Patients and methods Top


Patient characteristics

From the beginning of April 2011 to the end of March 2012, a total 339 patients were recruited in the present study. These patients were randomly selected from the primary healthcare and health insurance units in Gharbia governorate, Egypt. No patient was repeated. Patients were ensured of the confidentiality of personal information.

All patients attending the above-mentioned units were invited to participate in the study. Patients with mental illnesses were excluded from participation in the study.

Assessment of medication compliance

Compliance was assessed during a personal interview with each patient using a structured questionnaire addressing the following aspects:

  1. Sociodemographic criteria including age, sex, educational level, and income.
  2. Data concerning compliance to drugs, its effect, and its determinants; this was assessed using questions of the Measure Treatment Adherence scale developed by Delgado and Lima. This method is used frequently to measure patient compliance with drug treatment. The Measure Treatment Adherence scale is a variation of the Morisky–Green test, which was used to assess patient behavior patterns associated with the use of medicines 12. All questions were read out to the participant, and the answers were recorded. Patients achieving a result of more than 75% were included in the good compliance group. Patients achieving a result less than 50% were included in the poor compliance group. Patients achieving a result between 50 and 75% were included in the fair compliance group.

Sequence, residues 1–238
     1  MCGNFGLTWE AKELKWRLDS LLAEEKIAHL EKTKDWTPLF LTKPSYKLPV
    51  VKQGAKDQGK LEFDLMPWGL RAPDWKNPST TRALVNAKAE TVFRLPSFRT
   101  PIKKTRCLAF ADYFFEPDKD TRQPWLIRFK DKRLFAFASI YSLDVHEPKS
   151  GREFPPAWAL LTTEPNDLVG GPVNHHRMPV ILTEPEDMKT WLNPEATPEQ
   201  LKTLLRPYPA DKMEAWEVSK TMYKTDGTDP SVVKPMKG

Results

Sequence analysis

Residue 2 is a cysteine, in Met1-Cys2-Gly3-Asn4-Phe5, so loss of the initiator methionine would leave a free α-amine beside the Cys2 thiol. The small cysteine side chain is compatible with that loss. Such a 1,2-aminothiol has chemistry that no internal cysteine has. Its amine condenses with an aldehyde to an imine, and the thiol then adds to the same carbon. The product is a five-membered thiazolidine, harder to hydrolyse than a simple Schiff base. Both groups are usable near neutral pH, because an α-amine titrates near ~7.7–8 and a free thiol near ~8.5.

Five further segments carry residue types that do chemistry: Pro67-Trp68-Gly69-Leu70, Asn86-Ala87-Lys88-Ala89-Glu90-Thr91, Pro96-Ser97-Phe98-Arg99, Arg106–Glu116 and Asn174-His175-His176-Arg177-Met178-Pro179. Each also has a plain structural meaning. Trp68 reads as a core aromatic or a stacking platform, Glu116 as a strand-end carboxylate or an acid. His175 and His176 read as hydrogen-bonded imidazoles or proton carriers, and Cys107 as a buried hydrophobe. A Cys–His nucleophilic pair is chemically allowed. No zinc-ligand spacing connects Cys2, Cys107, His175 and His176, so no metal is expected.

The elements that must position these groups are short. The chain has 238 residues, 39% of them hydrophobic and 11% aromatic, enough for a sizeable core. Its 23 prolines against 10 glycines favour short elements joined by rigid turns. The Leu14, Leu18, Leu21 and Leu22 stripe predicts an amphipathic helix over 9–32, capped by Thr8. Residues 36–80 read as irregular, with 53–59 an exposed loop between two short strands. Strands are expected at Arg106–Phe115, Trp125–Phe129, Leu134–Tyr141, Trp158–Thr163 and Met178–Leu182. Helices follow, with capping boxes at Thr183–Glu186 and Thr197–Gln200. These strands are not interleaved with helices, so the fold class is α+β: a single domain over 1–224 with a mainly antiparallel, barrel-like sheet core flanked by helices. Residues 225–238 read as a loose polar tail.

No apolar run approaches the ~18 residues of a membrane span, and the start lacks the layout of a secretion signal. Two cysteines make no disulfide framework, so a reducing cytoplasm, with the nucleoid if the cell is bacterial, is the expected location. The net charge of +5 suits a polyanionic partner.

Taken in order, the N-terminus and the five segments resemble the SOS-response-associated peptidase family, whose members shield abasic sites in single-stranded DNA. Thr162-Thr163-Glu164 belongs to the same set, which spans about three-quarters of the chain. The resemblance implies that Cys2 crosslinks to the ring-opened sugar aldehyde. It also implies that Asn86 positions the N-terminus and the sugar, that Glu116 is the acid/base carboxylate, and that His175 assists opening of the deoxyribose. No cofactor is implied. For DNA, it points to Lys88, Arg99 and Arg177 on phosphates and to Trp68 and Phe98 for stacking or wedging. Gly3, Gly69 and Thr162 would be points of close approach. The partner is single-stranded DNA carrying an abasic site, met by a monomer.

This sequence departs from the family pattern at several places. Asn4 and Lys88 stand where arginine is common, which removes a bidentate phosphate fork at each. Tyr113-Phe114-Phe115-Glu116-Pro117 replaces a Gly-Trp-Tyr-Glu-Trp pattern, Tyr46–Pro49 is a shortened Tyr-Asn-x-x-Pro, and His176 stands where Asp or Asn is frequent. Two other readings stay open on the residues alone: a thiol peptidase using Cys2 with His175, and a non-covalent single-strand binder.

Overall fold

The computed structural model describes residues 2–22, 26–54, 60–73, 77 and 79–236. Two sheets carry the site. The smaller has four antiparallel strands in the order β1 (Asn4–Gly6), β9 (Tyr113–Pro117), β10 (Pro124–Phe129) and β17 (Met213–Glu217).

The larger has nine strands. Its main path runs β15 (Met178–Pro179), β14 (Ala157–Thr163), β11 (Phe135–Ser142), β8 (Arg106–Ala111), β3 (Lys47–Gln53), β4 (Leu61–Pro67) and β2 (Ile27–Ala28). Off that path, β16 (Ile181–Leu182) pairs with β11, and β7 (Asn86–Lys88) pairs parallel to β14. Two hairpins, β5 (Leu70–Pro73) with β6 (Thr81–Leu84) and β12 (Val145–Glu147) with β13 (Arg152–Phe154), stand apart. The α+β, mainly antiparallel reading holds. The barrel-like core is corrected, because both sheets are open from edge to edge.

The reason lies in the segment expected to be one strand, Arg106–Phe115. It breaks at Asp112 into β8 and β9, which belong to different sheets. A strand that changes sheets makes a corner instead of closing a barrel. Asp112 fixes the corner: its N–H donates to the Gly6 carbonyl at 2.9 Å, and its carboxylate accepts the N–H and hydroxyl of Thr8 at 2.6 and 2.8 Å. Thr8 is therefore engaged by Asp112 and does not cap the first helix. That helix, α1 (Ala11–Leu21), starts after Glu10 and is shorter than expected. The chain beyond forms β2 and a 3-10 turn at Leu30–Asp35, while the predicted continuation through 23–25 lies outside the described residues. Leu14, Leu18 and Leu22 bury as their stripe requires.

3. Blood samples were also obtained from each patient for measurement of glycated hemoglobin (HbA1c).


Data management and statistical analysis

This phase included the following:

  1. Coding of collected data and data entry into the computer.